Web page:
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School-Based Health Center

Southwest School-Based Health Center at Montezuma Cortez High School
418 South Sligo Street in Cortez, Colorado, 970-564-4855

About the School-Based Health Center for RE-1

School-Based Health Center services

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Monday – Thursday: 8:30am – 4:30pm (closed 12-1)

Friday: 8:30am – 4:00pm (closed 12-12:30)*

*Starting in March, closed Fridays.

*Hours of operation are based on the School District Schedule. When school is not in session, the Health Center is closed.

Why: To provide access to comprehensive primary and behavioral healthcare in a convenient, inviting environment.

Who: Students, family of students, and staff of RE-1 district. (You or your child does not have to be enrolled at M-CHS to receive care.)

Cost: No charge for visits to the school nurse. Insurance will be billed for a provider visit. If you do not have insurance an enrollment specialist will help you. Care will be provided regardless of insurance status or ability to pay. Sports physicals are available for $25.

How: A parent or guardian must provide a signed consent for their student.




  • Parent and student health
  • Reproductive health
  • Drug, tobacco and alcohol prevention and treatment


  • Individual
  • Group
  • Families



418 South Sligo Street, Cortez, CO


Teresa Brown-Sanchez is a nurse practitioner at the Southwest School-Based Health Clinic at Montezuma-Cortez High School. Teresa completed her undergraduate at Washburn University and her advanced training at University of Nebraska Medical Center. Teresa provides care for students at the School-Based Health Center. Teresa believes in the vision of the clinic, that health and academic outcomes for kids are no longer predicted by circumstances.

Teresa’s interests include stained glass, hiking, boating, and taking family adventures.

“My care philosophy is to provide the patient with the most comprehensive detailed map, with recommended routes, to get the patient to their health goals and then (accept/redirect/support) the patient if they choose a different route. As a nurse practitioner I strive to listen to the patient and hear what they expect from a visit rather than focusing on my health care provider agenda. I feel that with this listening approach I have uncovered many underlying problems for the patient.”



418 South Sligo Street, Cortez, CO


Catherine Trammell is a Licensed Professional Counselor who primarily works with children and adolescents. Catherine is passionate about cultivating growth and healing through the therapeutic relationship with her clients. She works to provide a safe environment where her clients feel heard and understood. Prior to working for Southwest Health System, Catherine received her Master’s Degree in Marriage and Family Therapy with a concentration in Trauma Therapy. Catherine is an Eye Movement Desensitization and Reprocessing (EMDR) trained therapist and offers other trauma-informed modalities of counseling to assist clients with processing trauma. Additionally, Catherine works with individuals experiencing anxiety and depression symptoms. She provides therapy for students in the Re-1 and Re-6 school districts. In her spare time, Catherine enjoys being outside with her two Australian Shepherds, skiing, and reading.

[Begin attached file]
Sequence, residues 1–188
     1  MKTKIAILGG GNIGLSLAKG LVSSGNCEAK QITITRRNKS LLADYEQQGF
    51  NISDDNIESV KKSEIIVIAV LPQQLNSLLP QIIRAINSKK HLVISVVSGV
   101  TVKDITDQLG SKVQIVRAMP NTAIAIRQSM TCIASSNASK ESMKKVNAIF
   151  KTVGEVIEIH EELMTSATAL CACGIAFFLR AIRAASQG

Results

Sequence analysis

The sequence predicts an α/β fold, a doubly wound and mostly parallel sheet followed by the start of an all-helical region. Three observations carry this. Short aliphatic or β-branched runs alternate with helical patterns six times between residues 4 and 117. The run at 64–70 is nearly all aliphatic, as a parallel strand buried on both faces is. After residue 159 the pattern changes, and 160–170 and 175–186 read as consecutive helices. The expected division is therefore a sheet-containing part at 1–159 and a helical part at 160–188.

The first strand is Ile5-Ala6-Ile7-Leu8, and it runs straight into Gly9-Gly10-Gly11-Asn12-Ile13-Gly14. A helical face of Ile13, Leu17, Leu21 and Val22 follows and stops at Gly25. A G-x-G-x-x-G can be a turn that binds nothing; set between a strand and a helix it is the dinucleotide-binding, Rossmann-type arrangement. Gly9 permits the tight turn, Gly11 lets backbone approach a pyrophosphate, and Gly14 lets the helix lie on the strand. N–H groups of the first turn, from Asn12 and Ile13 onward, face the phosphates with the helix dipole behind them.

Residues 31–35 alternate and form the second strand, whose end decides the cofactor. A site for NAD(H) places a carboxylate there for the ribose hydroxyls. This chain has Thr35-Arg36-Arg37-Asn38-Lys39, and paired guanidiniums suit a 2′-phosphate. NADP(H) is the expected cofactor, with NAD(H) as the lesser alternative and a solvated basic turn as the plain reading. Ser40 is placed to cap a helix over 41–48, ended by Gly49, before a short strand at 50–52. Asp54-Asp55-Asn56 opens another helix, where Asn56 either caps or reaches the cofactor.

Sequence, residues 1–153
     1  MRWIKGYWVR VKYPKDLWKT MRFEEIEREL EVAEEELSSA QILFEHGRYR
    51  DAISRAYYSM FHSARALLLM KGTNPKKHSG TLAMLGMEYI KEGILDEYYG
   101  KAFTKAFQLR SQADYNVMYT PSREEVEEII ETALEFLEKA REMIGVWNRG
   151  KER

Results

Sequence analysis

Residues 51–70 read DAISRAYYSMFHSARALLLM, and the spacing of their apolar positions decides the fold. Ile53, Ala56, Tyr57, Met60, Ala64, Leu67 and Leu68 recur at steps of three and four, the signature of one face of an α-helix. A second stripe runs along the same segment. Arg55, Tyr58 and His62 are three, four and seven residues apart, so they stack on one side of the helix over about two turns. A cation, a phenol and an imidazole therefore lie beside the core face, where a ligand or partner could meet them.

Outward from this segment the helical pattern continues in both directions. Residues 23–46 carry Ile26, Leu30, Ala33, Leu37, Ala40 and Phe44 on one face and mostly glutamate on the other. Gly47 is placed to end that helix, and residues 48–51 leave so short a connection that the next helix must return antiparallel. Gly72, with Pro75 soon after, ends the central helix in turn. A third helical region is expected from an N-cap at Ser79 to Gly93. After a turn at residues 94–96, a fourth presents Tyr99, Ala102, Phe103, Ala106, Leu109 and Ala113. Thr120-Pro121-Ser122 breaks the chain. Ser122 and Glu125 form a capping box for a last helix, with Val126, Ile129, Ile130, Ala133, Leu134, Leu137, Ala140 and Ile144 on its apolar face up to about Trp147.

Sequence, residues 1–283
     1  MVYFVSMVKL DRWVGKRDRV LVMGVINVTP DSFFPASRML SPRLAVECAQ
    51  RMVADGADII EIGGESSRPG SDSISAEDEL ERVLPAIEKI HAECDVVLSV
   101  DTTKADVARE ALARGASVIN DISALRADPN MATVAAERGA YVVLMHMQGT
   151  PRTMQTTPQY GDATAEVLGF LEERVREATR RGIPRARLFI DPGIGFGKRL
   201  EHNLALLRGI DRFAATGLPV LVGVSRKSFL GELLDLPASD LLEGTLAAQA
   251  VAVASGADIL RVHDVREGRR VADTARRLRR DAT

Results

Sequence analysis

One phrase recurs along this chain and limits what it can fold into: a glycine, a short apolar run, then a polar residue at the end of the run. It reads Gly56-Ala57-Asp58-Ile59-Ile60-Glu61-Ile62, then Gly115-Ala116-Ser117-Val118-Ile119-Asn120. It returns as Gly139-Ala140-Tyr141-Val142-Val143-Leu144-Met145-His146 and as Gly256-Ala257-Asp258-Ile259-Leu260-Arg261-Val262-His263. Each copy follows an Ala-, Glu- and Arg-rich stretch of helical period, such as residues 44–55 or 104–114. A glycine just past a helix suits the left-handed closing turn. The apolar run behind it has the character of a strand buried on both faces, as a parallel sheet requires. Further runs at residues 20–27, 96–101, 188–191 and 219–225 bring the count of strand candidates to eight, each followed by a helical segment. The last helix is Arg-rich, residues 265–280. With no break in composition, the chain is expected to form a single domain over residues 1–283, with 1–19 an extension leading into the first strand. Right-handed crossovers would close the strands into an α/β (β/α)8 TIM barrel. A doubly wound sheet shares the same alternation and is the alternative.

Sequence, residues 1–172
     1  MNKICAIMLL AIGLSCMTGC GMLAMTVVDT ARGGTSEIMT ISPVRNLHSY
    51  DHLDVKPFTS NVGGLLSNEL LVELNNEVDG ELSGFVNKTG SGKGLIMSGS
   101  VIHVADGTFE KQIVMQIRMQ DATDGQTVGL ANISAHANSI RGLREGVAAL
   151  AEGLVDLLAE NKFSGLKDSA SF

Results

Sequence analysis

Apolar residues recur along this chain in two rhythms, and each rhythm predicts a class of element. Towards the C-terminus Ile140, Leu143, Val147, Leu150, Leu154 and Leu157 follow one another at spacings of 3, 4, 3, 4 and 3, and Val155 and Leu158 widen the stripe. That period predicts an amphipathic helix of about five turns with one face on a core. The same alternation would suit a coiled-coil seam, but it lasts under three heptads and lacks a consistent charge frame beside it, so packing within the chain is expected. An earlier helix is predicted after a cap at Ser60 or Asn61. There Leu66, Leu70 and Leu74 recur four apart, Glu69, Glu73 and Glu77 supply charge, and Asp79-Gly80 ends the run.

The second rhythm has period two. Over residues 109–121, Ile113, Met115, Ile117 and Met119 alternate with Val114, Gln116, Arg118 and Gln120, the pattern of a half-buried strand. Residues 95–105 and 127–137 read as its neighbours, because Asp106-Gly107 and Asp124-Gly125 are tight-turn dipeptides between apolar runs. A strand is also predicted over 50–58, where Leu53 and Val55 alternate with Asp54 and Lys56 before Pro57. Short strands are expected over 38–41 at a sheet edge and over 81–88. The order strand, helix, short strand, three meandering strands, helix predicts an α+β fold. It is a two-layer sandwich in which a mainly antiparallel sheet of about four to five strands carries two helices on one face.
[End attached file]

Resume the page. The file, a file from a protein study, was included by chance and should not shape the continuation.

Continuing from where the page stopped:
School CLinic RE-1 LogoContact: (970) 564-4855

After hours please contact the Walk-In Clinic at (970) 564-1037. In case of emergency, dial 911.

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Fitness in middle age linked to healthier brain in later years

May 29, 2015 (Reuters)

“People who have better aerobic fitness in middle age may ward off decreases in brain volume later in life, potentially preserving memory and other functions, a U.S. study suggests.

‘The current findings suggest that maintaining high fitness in midlife may boost brain health on average 20 years later in adults who have not yet experienced cognitive impairment,’ lead study author Qu Tian, a gerontology researcher at the U.S. National Institute on Aging, said by email.

Tian and colleagues followed 146 older adults over a decade, using treadmill tests to measure cardiorespiratory fitness. They also used magnetic resonance imaging (MRI) to detect changes in brain volume.”

Read the rest of the article at

Prevent metabolic syndrome

“The American Heart Association report that about 34% of American adults have metabolic syndrome, and it is becoming more common, prompting scientists to investigate possible causes.

The team behind the new study – from Georgia State University (Atlanta) and Cornell University (Ithaca, NY) – had found in previous research that altered gut microbiota (intestinal bacteria) plays a role in metabolic syndrome.

As well as promoting the inflammation that leads to metabolic syndrome, altered gut microbiota promotes chronic inflammatory diseases such as Crohn’s disease and ulcerative colitis,” according to an article at .